Woe to us men if we let our emotions overwhelm us, and we thereby succumb to cowardice. For, it would seem that God designed men's and women’s emotions as he did as a kind of single complementary system. Women are generally much more empathetic than men. This in turn leads women to more easily express the pain, sadness and needs that others are experiencing, not simply their own. Men, meanwhile, are generally more prone to the passion — emotion — that St. Thomas calls “daring.” Aquinas notes that “daring results from hope and is contrary to fear: wherefore whatever is naturally apt to cause hope or banish fear, is a cause of daring.” Precisely because men are less empathetic than women, we often need to be roused by a woman’s strong emotion to tell us: “Here is a fear. What will you do to help her banish it? What will you do to bring hope?” 

God’s design is good. Very good. When we men see a woman expressing a strong emotion of sadness or empathy, it is our chance to reply with a strong emotion of our own: either fear, or daring.

In this, we can take the life of Our Lord as our model. At Cana, Our Lady, ever attentive to the smallest detail, knows that the bride and groom would experience embarrassment and shame because “they have no wine.” Mary is, of course, the most empathetic human person to have ever walked the face of the earth. It is her empathy that is the catalyst for Our Lord’s first miracle. 

In the Gospel of John, after Mary and Martha’s brother, Lazarus, has died, his sister Mary comes to our Lord, weeping, and tells him, “Lord, if you had been here, my brother would not have died.” John tells us, “When Jesus saw her weeping, and the Jews who came with her also weeping, he was deeply moved in spirit and troubled.” Our Lord, the perfect man, does not walk away from the weeping Mary. Rather, he stands with them in their sadness. In what must stand as a rebuttal to all men for all time who believe that sadness is weakness, St. John tells us, “Jesus wept.”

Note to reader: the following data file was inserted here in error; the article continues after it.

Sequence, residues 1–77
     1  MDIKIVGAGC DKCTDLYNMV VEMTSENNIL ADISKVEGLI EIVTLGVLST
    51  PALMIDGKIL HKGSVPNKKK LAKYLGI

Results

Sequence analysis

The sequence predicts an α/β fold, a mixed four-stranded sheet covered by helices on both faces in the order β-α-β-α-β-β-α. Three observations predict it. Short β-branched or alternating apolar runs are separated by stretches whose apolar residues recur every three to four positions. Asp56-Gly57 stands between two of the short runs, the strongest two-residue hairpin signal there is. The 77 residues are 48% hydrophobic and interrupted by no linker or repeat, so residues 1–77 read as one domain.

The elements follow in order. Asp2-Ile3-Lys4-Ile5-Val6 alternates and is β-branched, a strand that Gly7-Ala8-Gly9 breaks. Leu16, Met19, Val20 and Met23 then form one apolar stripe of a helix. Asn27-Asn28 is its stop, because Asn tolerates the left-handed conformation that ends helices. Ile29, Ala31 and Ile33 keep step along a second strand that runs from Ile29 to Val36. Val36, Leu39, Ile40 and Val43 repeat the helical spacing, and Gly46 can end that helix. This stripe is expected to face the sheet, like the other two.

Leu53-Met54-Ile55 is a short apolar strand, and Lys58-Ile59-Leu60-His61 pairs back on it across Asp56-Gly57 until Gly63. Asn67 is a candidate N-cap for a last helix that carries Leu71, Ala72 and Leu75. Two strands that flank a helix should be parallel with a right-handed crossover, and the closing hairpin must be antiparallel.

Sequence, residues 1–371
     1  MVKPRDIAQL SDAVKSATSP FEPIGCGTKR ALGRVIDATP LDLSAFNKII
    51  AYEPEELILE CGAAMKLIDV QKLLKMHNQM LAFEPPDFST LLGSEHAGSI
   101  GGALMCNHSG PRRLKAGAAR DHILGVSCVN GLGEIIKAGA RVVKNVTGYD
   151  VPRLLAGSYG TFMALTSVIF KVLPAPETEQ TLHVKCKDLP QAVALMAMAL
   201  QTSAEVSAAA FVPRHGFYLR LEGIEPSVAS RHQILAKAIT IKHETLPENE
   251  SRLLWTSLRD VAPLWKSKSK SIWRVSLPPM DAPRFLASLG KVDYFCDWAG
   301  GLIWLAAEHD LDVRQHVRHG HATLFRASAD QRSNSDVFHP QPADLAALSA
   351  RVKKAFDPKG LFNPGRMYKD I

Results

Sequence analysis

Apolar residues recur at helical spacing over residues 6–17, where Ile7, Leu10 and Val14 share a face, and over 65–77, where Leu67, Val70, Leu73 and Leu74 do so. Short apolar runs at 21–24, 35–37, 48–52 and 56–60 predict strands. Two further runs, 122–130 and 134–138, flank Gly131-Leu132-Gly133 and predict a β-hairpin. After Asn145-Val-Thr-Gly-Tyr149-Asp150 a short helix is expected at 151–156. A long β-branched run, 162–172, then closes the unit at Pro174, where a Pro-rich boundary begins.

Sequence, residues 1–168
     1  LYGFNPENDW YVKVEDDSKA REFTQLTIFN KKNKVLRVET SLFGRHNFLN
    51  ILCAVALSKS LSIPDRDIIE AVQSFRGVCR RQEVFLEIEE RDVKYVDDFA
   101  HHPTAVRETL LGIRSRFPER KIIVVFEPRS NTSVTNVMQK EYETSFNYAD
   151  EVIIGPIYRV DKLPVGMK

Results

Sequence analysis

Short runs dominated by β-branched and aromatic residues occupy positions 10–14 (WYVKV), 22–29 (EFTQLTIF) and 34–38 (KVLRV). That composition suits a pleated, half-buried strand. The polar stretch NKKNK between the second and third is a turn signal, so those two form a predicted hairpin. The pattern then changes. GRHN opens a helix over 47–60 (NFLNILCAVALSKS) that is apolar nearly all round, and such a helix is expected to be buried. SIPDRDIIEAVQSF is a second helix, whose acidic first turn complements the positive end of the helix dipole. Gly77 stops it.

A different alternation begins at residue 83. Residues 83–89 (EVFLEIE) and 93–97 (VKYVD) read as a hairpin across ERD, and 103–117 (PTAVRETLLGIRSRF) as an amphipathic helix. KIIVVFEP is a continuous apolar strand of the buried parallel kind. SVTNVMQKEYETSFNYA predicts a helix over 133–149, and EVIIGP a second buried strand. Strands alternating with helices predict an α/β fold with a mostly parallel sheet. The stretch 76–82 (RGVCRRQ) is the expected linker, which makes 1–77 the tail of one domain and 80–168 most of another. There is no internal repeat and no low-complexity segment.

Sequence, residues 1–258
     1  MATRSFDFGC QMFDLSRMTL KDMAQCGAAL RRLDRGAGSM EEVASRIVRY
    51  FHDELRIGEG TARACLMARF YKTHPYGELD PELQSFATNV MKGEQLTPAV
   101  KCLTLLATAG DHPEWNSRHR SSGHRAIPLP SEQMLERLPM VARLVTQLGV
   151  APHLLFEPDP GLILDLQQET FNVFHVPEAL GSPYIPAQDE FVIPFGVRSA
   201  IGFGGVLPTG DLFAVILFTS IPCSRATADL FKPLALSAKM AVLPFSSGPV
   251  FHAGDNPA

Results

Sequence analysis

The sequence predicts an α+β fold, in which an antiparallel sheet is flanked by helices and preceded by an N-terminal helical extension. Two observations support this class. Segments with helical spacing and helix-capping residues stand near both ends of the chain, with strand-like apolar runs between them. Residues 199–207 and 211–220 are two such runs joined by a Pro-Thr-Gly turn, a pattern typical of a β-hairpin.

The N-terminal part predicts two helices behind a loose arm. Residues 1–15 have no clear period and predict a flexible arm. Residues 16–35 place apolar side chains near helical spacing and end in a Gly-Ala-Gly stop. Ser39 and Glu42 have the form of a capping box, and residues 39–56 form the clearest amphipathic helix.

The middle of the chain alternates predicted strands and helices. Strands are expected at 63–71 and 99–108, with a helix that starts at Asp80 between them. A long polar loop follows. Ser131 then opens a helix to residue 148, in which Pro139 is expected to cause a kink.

But this, of course, was not the end of the story for Lazarus. “Daring results from hope.” Our Lord is our hope. “Lazarus, come out.” 

The raising of Lazarus is the final miracle that St. John records before the Resurrection. In the Gospels, nearly without exception, whenever Jesus works a miracle, it is because of the action of a faithful soul. It is noteworthy that the first and last miracles St. John records are both a result of a woman coming to Jesus with emotional pleas. 

In both cases, Our Lord’s response was daring. 

At Cana, the miracle would begin his ministry. Fulton Sheen notes, “If he agreed to her request, he would be beginning his hour of death and glorification. To the Cross he would go with double commission, one from his Father in heaven, the other from his mother on earth.” In Bethany, as soon as he pronounced the words, “Take away the stone,” he knew that he must take the place of Lazarus in the tomb. As John tells us, “So from that day on they took counsel how to put him to death.”

Water became wine, and stones were taken away, because two women freely expressed their emotions, and one Man listened with daring and then acted with heroic courage. 

So it must be with us.

Therefore, men, don’t be afraid to allow a woman’s emotions to awaken in us daring and the courage to act on behalf of the weaker and those in need. Don’t let the emotions that are proper to us men be dulled by walking away from her, only to then disparage the emotions proper to women. When we do so, we are passing a judgment, but it is not upon the woman — it is upon ourselves. Instead, walk with her. Take courage. Then, with daring, say to her: “Let’s take away the stone.”